Jack died first. He was three and the youngest of the four siblings. Of course, they’d mourned, no one, not even the doctors knew what had happened. It was horrible, of course and so painful.
Then Sam had died. He was the oldest, twenty and a rugby player. How could he have fallen so ill, his skin turning blue within hours, sweat steaming from his forehead?
It’s a terrible thing, to feel so helpless as a parent, to lose two children. But they still cooked dinner with them, helped their two remaining children with their homework and kissed them goodnight. But in the night while staring into the darkness they knew, deep down, their suffering wasn’t over.
When Tom caught a fever, they knew what was to come. They held their breath because the doctors had said again and again, it was just a coincidence. He couldn’t die. They’d taken him to the hospital, the best doctors with round the clock care if anything went wrong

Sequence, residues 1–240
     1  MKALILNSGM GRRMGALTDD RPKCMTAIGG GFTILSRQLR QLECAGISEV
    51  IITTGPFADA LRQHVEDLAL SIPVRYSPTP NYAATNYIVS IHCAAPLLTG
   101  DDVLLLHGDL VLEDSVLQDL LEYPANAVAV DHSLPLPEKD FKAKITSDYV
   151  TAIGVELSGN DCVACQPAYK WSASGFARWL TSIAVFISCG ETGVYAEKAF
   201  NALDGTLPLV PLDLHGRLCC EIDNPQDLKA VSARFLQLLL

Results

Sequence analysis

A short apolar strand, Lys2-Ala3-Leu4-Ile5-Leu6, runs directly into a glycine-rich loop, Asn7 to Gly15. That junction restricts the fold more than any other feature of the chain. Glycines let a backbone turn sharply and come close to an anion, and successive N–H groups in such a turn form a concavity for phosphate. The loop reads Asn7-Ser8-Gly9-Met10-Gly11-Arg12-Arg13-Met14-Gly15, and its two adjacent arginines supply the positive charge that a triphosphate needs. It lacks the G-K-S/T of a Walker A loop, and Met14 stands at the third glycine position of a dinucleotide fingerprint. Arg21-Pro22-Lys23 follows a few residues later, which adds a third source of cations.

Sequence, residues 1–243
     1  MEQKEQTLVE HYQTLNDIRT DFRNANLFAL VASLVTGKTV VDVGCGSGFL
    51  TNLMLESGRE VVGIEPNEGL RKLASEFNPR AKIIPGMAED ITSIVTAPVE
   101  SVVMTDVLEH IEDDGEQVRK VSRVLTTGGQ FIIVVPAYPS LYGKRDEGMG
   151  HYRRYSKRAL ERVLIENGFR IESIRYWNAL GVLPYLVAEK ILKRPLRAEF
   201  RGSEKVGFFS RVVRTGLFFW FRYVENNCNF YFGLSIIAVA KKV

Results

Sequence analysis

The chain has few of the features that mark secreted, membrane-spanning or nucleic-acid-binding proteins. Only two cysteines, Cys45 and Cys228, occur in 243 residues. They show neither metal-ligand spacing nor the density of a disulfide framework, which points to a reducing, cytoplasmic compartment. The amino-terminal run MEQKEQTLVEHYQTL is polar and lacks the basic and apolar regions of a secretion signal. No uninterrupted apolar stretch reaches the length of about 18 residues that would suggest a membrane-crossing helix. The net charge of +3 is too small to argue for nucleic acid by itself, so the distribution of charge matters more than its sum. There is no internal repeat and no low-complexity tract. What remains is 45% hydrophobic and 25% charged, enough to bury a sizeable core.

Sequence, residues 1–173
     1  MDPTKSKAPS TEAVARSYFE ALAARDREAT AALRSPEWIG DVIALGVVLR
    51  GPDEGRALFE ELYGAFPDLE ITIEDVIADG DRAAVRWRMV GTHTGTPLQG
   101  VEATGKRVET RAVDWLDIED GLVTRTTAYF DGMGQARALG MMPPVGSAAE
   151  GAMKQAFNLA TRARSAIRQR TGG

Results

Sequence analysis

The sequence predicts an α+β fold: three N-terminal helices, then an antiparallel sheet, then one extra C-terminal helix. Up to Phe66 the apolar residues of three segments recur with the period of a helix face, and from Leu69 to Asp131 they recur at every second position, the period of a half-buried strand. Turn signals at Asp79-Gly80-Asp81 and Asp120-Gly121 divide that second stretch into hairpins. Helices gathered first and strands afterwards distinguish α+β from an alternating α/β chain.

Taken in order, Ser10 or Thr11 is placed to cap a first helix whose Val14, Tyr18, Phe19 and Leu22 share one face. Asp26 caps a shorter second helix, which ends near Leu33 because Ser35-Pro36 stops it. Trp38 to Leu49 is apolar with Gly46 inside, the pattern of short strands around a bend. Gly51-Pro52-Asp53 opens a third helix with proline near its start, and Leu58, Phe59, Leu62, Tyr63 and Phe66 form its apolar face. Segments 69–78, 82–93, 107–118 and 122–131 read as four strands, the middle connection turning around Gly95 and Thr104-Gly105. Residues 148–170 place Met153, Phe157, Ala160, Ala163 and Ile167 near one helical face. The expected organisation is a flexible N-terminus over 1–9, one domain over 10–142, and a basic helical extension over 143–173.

They buried their third son the following week.
Ben seemed to know what was coming, he was the last one left and even if he was only eight he cried and sobbed all day and night. Three torturous days past. But Ben was wrong.
His father died first. They had both been stressed and traumatised with the ordeal, he had been allowed to feel under the weather. So, his wife had woken, hugging a cold and stiff body.
When Ben finally fell ill, they didn’t call the doctors, instead his mother had curled around him in her bed and the two stayed together, defeated by this curse until Ben went limp in her arms. She realised she no longer had tears to cry for her last child, putting him in the bed as she grew numb. The end would come for her soon as well. She took comfort in that.
But after a week she realised, her own curse was to live.